This week: Doing a few key tasks now will get your garden ready for spring, suggests
to explore and interact with the environment at College Lake – as we found out when we tested the trail last weekend!
The QR trail starts in the Visitor Centre with fossilised remains of mammoth tusks that were found in the chalk quarry at College Lake.
The trail continues to the Woodland Theatre where families can play Wildlife Charades and then spend a few minutes watching birds on the feeders outside the Barn.
Although children are likely to run between each of the 10 posts where the QR code is displayed, I’ve created space for them to stop and listen to the natural sounds of rustling leaves, birds singing and the wind in the trees.
Many of the BBOWT volunteers at College Lake helped me to design and create the QR trail, making recordings of the bizarre sounds of bats, and researching and taking beautiful and vibrant photographs of the birds here.
The QR trail will be launched over half-term with a free College Lake QR Quest on 17, 18 and 19 February, and there’s a chance for the person who solves a mysterious puzzle to win a prize.
Discover the QR trail and more at College Lake: www.bbowt.org.uk/collegelake AIM to finish pruning hedges into shape this month before birds start looking for nesting sites, so as to avoid disturbing them. Most deciduous and hardy evergreen hedges (including yew) can be cut back hard now, if necessary.
However, it is better to trim other conifers little and often as they don’t respond well to hard pruning. Overgrown or poorly-shaped deciduous shrubs and trees can also be pruned back into shape now.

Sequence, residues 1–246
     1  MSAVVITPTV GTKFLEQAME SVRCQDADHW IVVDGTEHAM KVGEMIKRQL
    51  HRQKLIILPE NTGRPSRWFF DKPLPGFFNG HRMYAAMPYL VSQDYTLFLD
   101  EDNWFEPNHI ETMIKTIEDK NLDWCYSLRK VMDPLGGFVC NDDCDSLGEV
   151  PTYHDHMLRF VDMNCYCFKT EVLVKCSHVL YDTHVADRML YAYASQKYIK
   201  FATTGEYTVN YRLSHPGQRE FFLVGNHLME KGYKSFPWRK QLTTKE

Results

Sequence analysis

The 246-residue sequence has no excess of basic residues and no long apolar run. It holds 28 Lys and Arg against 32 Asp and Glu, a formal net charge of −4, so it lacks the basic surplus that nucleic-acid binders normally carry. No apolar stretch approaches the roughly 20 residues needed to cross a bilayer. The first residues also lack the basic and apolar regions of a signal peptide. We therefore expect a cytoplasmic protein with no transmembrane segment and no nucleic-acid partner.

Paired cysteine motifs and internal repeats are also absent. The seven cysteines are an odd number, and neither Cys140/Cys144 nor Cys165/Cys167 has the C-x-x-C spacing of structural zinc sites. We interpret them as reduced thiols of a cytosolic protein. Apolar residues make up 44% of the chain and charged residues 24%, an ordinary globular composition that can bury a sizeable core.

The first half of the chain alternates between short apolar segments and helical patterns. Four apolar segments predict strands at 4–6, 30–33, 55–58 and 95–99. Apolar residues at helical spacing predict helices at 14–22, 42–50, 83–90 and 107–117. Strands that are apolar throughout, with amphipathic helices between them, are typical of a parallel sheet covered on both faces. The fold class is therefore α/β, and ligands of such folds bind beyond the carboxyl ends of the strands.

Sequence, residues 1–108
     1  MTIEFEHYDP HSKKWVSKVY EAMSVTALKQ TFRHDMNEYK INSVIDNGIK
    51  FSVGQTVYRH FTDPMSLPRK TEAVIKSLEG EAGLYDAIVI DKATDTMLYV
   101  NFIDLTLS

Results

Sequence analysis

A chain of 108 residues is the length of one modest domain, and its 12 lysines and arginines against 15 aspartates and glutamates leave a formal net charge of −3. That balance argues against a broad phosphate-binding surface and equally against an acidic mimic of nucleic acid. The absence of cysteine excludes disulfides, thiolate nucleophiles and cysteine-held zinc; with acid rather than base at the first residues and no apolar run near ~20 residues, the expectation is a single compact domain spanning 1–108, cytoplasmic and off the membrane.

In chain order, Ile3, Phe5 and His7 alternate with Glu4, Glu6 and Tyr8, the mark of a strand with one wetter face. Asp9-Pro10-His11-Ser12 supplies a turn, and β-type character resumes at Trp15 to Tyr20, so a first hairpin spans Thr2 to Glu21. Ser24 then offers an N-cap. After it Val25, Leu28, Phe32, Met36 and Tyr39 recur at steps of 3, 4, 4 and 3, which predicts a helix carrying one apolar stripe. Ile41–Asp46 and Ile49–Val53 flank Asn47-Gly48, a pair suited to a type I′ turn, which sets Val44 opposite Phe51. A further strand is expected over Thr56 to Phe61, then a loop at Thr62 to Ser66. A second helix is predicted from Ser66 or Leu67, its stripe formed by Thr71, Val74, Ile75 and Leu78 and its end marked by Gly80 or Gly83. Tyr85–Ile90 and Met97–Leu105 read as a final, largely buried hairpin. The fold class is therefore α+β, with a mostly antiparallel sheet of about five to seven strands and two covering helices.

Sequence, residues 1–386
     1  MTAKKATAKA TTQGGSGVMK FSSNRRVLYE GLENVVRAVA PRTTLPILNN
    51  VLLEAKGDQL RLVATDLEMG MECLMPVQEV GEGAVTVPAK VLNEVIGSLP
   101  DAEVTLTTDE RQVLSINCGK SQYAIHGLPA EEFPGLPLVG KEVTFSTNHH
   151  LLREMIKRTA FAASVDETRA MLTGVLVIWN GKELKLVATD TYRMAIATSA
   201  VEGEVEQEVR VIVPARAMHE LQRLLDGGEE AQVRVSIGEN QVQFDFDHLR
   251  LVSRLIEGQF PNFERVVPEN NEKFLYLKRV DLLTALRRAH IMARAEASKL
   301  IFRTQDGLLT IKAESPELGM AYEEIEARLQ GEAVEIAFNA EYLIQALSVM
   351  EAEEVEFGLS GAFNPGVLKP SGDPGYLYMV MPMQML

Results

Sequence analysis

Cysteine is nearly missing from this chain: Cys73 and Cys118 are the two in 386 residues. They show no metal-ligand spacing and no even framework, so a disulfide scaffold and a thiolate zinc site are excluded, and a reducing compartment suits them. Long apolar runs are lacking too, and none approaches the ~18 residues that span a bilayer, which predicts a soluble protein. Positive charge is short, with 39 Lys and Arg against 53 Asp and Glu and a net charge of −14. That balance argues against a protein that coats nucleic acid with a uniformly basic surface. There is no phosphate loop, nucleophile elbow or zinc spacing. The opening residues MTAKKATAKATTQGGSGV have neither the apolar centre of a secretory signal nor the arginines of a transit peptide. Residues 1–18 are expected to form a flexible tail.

February is a good time to prune shrubs that flower late in the summer.
Examples are the butterfly bush (Buddleja) and hardy fuchsias that flower in summer on stems that have grown since the spring. Cut down almost to the ground, just leaving one or two buds to each stem. This will create a neater plant with plenty of flowers.
If you have a clematis that flowers late in the summer, prune now to about 30cm from the ground, just above two buds. Handle the stems carefully as they are quite brittle.
Perennials and ornamental grasses that were left to provide winter interest can be cut down now.
Bulbs and tubers for summer flowers such as lilies and dahlias are available now in garden centres. They can be planted in pots of compost and grown in a cool, light place under cover and planted outside once the danger of frost is over.
If you are planning to grow vegetables this year, you can start planting earlier if you warm the soil first by covering with polythene or cloches.
It is more important than ever to provide food for garden birds this month as their natural food becomes scarce.
New bird boxes can be put up now, giving the birds time to get used to them before the nesting season begins. Kathy Vivian is a local garden designer with an interest in gardening to attract beneficial wildlife.
See www.kathyviviangarden design.com or KathyVivgarden on Facebook and Twitter. Kathy also writes a regular blog on her website.
Children enjoying the QR trail